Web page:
‘Sorry to my wife. I have hurt myself again’ – Rex Tso retains title as injury forces end to bout in seventh round against Kohei Kono
Hong Kong boxer wins by technical decision after the ringside doctor stops the fight because of Tso’s swollen eye from an accidental headbutt
A relieved and physically hurt Hong Kong boxing superstar Rex Tso Sing-yu continued his winning streak in the most unusual circumstances on Saturday after his super fight against Kohei Kono was stopped in the seventh round of the Clash of Champions 3.
Having suffered a sickening clash of heads with Kono in the second round, Tso won on points when the referee stepped in to stop the fight at the Convention and Exhibition Centre. Officially, the Wonder Kid won by technical decision, improving his record to 22-0-0, 13 KOs. Kono suffered his third loss in his last four fights to drop to 33-11-1, 14 KOs.
Tso, who was taken to hospital, retained his WBO international super flyweight title.
With his left eye almost shut, the ringside doctor examined the fighter and declared the bout over but there was confusion and intrigue when they finally announced that Tso had retained his title.
Tso was expecting the worst as he slumped in his stool before the start of the seventh round.
Watch: Highlights of Rex Tso v Kohei Kono, his accidental headbutt and tearful speech
The unbeaten southpaw was forced yet again to come back from dire circumstances and it was heartbreaking to see the Hong Kong superstar struggle with his injury as he was clearly hampered.
But he did enough to win on points and seal victory yet again.
The Hong Kong boxer threw excellent combinations and kept the 36-year-old former two-time WBA champion at bay with his good counter-punching. But the pain must have been unbelievable.
“Sorry to my wife. I have hurt myself again. This time I really went for it. I followed my trainer’s advice. I have to thank my opponent Kono, He’s really so powerful. My head is really sore,” said a sobbing Tso, whose winning streak began in September 2011.
Tso was rushed to hospital – the first time as a professional – but he was well enough to speak to the delighted audience after his surprise victory.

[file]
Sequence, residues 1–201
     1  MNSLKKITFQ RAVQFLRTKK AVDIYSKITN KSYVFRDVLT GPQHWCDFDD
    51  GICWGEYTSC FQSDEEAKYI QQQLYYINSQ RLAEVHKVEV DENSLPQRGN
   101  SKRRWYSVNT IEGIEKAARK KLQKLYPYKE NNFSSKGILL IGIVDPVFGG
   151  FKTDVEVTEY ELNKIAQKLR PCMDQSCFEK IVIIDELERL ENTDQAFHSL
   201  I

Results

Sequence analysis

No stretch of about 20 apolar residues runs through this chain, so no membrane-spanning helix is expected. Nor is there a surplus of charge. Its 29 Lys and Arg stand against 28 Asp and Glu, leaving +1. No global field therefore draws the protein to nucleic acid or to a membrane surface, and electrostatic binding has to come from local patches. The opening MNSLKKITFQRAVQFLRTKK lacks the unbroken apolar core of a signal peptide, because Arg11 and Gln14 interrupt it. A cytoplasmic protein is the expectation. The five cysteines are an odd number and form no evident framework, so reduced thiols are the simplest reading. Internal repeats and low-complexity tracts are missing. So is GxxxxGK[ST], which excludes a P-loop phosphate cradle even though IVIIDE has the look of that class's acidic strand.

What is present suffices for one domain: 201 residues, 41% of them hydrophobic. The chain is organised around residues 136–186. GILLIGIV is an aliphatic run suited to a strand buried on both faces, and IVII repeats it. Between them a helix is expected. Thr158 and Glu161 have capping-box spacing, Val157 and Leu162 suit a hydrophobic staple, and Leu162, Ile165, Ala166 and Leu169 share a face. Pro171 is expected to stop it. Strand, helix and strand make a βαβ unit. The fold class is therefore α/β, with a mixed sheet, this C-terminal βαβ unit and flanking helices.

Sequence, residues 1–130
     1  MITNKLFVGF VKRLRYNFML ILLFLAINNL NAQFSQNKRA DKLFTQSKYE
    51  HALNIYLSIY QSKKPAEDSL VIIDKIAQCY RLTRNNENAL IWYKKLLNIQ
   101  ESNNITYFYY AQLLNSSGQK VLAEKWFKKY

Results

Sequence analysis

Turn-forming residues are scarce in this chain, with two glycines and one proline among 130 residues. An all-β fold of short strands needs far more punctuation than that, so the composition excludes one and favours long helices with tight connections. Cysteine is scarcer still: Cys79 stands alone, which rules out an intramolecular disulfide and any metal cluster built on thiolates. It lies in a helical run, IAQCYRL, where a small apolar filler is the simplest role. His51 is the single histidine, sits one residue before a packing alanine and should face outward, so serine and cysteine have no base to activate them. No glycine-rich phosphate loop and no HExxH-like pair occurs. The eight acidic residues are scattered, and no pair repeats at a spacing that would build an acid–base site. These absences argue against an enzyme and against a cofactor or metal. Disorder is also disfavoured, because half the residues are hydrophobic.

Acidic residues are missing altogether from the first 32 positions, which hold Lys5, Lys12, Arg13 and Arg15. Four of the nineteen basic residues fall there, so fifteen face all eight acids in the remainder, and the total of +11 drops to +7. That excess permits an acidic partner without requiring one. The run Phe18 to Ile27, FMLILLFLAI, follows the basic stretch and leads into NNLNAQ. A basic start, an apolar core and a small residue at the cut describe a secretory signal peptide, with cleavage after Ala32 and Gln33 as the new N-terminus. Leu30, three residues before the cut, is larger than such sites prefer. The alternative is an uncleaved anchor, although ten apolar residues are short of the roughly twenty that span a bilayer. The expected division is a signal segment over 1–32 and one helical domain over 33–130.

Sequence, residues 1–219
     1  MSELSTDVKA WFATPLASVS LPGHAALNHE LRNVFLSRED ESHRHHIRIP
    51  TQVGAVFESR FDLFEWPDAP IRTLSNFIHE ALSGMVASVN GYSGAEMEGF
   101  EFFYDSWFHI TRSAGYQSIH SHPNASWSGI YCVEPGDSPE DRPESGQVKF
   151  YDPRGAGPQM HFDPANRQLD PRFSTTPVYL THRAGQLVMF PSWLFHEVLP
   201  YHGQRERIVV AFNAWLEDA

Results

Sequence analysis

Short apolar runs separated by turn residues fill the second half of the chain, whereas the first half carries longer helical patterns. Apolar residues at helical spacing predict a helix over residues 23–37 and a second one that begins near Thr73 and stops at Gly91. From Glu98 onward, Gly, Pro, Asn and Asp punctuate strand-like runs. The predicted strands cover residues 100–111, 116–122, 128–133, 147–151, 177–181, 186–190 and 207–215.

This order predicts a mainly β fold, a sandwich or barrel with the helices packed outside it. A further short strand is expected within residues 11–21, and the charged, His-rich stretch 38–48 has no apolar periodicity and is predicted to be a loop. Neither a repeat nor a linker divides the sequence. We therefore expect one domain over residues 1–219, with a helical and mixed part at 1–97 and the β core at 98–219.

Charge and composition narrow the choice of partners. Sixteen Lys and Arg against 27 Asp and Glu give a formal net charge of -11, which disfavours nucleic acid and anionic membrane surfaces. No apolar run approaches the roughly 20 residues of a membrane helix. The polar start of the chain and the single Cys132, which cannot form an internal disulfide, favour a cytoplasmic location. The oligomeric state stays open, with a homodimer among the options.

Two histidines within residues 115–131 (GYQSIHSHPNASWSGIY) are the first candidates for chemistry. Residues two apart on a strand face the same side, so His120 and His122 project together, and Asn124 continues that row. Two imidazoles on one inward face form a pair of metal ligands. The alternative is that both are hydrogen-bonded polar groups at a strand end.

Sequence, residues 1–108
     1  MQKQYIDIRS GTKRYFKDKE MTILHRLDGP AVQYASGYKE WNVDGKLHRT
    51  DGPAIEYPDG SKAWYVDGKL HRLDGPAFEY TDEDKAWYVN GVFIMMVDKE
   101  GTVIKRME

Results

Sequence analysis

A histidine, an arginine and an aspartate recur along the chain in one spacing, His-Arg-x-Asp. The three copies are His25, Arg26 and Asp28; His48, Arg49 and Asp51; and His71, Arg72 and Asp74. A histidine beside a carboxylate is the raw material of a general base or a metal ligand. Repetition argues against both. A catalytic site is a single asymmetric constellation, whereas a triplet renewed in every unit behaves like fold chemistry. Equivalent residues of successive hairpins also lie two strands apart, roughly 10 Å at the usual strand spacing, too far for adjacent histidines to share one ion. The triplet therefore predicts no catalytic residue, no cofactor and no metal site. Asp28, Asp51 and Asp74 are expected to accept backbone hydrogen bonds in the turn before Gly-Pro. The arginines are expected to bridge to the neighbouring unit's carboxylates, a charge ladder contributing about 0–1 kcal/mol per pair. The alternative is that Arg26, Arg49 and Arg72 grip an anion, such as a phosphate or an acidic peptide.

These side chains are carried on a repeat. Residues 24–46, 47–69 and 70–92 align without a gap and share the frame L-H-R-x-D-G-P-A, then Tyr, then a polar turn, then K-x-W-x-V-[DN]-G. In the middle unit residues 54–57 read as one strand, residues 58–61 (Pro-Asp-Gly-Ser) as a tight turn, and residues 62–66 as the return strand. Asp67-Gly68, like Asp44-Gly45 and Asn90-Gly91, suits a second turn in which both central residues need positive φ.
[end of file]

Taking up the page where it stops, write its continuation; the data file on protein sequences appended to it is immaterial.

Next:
“From the fourth round onwards I was super hurt but I had to continue,” he said. “Thanks Jake [trainer Vernano] and Ross Eathorne [conditioning and strength coach]. Thanks Jay Lau [his manager]. I did my very best!”
As boxing rules stipulates, if a clash of heads occurs during the first four rounds and if the doctor feels the bout must be stopped because a boxer cannot continue, they go to the scorecards. And Tso was leading the 12-round super flyweight contest on points against a highly aggressive and surprisingly game Kono. All three scorecards were an identical 68-66 in Tso’s favour.
Tso was first examined by the doctor in the sixth round. The referee momentarily stopped the fight to have the Hong Kong star looked at but with an assuring nod of head from the doctor, the fight went on to the roars of the 8,000 capacity crowd.
But his injury deteriorated with his left eye swollen to the point that he couldn’t see. And that’s when the referee asked for his eye to be examined again as the crowd hushed in silence, not sure what was happening. But as it turned out, it was all in Tso’s favour and he managed to retain his title and keep his unblemished record intact.
Promoter Lau said if the fight had been stopped within the first four rounds, it would have been a no-contest.
“The second round was an accidental headbutt. You could see that Rex’s head was completely swollen. The referee decided to carry on at first. He realised his left eye was completely shut. He couldn’t even see from that eye,” said Lau.
“After the referee and the doctor had a discussion, they decided to stop the fight then and there because they were worried that there may have been a fracture in his eye [socket]. Rex is going straight to the hospital. Don’t worry he can walk, stand and smile,” he said.
In the night’s other bouts, Japan’s Takuya Watanabe became the new WBO Oriental super featherweight champion after rallying to defeat China’s Leshan Li.
Watanabe, who was Tso’s sparring partner for the past two months in Hong Kong, landed a series of unanswered blows against a helpless Li, who had moments earlier hit the canvas after a devastating right hook. Referee stopped the fight with Watanabe winning by fifth-round TKO after surviving an earlier knockdown himself in the third round.
In the other three featured bouts, Japan’s Ayumi Goto continued her unbeaten run to eight bouts after defeating India’s Kirti Vashists in the co-main event to become the new WBO female Asia Pacific super bantamweight champion. Goto, a full-time receptionist and part-time glamour model, won the fight by unanimous decision. Judges scored it 79-72, 77-74, 78-73.
Hong Kong’s Raymond Poon Kai-ching won his light flyweight bout against Indonesia’s Frengky Rohi.
Poon, who is trying to follow in the same footsteps as Tso, improves his record to 4-1, 2 KOs after winning on the scorecard cards for a unanimous decision. Rohi suffered his first defeat as a professional and is now 5-1-1, 1 KO.